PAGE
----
A Cambridge PD officer arrived to investigate. At this point the stories that the PD and Gates offer begin to differ. Gates claims tat he was arrested for no reason and that the officers were there because of racial profiling. The PD maintains that they had to investigate a crime and that Gates did not allow an officer into the house to investigate. Further the PD says that Gates  did not provide a state issued ID, only a Harvard University ID. While the officer was trying to obtain ID, Gates allegedly began asking for the officer’s badge and name. After the officer entered the house and obtained proper ID he threatened the officer, “You don’t know who your messing with.” Gates followed the officer outside and continued to berate him. At that point the officer arrested Gates for a public disorder crime (read the Gates Arrest Report).

Is this racial profiling as nearly everyone claims it to be? Racial profiling means that an officer stops, detains, or arrests a person solely on the basis of their race. Or is this a case of racial discrimination? That is, was Gates singled out for disparate treatment by the Cambridge Police, or more specifically Sgt. Crowely? Would  a white professor have been treated the same way?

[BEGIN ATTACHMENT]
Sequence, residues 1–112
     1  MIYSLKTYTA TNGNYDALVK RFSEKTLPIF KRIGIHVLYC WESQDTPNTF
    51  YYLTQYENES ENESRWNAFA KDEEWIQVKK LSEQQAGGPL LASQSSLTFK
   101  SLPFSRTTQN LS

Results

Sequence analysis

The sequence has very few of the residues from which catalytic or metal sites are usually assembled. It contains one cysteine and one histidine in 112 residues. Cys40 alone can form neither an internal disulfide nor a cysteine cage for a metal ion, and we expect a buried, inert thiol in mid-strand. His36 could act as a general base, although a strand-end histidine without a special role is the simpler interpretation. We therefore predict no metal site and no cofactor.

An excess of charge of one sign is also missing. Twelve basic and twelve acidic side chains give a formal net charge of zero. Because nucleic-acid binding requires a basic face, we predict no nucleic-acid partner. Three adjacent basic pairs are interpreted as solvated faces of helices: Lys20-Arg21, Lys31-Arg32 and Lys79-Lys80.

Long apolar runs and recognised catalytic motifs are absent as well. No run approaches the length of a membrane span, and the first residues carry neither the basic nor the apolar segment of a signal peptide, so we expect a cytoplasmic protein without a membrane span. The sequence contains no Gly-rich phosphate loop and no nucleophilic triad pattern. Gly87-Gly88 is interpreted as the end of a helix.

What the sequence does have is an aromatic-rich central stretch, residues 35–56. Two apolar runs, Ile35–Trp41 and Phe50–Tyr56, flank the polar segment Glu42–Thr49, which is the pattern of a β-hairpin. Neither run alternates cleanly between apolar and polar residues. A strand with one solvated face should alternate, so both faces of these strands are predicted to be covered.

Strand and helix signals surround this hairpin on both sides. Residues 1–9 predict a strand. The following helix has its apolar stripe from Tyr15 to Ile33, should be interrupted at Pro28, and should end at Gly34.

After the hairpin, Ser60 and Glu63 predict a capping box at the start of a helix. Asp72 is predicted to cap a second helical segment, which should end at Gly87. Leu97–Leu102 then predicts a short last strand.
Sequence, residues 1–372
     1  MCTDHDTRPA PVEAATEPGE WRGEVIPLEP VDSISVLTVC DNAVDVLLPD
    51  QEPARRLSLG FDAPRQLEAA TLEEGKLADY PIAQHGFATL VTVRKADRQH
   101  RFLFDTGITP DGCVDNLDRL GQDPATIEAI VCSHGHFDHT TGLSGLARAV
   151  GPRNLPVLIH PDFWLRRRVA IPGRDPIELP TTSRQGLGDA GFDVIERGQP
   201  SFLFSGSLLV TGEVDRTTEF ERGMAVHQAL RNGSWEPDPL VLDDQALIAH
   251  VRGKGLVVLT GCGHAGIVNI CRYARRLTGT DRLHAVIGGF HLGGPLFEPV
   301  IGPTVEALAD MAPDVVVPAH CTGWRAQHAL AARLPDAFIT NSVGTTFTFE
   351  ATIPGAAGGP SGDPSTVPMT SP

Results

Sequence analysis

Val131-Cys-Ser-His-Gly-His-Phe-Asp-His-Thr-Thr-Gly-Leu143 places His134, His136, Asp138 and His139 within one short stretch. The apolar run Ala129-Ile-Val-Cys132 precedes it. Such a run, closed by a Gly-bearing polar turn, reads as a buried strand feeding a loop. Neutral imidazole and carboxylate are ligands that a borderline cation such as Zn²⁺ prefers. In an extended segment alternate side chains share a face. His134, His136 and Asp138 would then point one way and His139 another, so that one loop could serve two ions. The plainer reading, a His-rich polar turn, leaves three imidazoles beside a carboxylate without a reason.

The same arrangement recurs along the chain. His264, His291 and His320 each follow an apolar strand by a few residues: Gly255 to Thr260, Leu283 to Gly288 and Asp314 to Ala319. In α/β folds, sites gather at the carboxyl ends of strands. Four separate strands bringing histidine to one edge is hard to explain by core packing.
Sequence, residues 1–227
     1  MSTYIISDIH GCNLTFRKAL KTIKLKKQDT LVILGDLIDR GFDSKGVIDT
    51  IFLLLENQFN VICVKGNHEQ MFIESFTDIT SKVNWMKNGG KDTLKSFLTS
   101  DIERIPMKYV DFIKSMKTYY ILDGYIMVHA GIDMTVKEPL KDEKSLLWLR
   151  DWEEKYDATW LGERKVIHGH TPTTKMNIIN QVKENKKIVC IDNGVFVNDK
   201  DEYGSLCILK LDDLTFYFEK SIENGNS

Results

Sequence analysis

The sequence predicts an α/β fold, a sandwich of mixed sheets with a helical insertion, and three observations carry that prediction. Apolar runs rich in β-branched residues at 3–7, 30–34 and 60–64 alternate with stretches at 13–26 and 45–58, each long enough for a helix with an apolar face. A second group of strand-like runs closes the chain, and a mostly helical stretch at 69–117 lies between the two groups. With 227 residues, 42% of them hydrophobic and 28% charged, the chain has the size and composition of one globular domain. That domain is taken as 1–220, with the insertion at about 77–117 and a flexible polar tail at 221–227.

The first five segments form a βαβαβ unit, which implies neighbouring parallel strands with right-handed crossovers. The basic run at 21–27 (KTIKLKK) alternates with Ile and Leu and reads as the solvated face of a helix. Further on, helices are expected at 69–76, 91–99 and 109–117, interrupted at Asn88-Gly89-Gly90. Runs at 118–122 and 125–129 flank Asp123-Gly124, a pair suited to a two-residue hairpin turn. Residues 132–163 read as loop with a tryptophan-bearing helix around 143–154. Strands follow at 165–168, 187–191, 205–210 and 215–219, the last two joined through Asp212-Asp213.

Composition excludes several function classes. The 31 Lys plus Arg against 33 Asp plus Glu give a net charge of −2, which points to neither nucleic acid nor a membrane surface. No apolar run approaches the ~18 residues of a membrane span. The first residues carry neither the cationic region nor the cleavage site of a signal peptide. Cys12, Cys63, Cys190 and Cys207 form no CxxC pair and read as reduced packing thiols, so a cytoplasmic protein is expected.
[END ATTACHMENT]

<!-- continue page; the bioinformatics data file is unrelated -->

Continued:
Based on my professional experience I cannot say that I find the police report satisfactory. In CA, anyway, there would be little or no precedent to make an arrest. I would also hope that an arrest report dealing with “sensitive” person would have more detail. That the District Attorney’s Office dismissed the charges does not help. It does not mean that Sgt. did not have probable cause for an arrest, but it does imply that the case could not have been proved beyond a reasonable doubt. It also looks really bad from a public relations point of view.

But is this profiling or discrimination? I don’t think that can be adjudicated from the report or Professor Gate’s version of the events. From a working deputies point of view I can agree with many aspects of how Sgt. Crowely handled the situation. He has the right to detain a person for a reasonable amount of time to investigate a possible crime in progress. A person coming to the door and saying they are a resident is not sufficient to satisfy in most officers minds that no crime is occurring. Asking  for Government issued ID that proves someone is a resident is a common investigative technique. Someone refusing to give ID while legally detained is a real problem. It is generally problem to start arguing with an officer and deman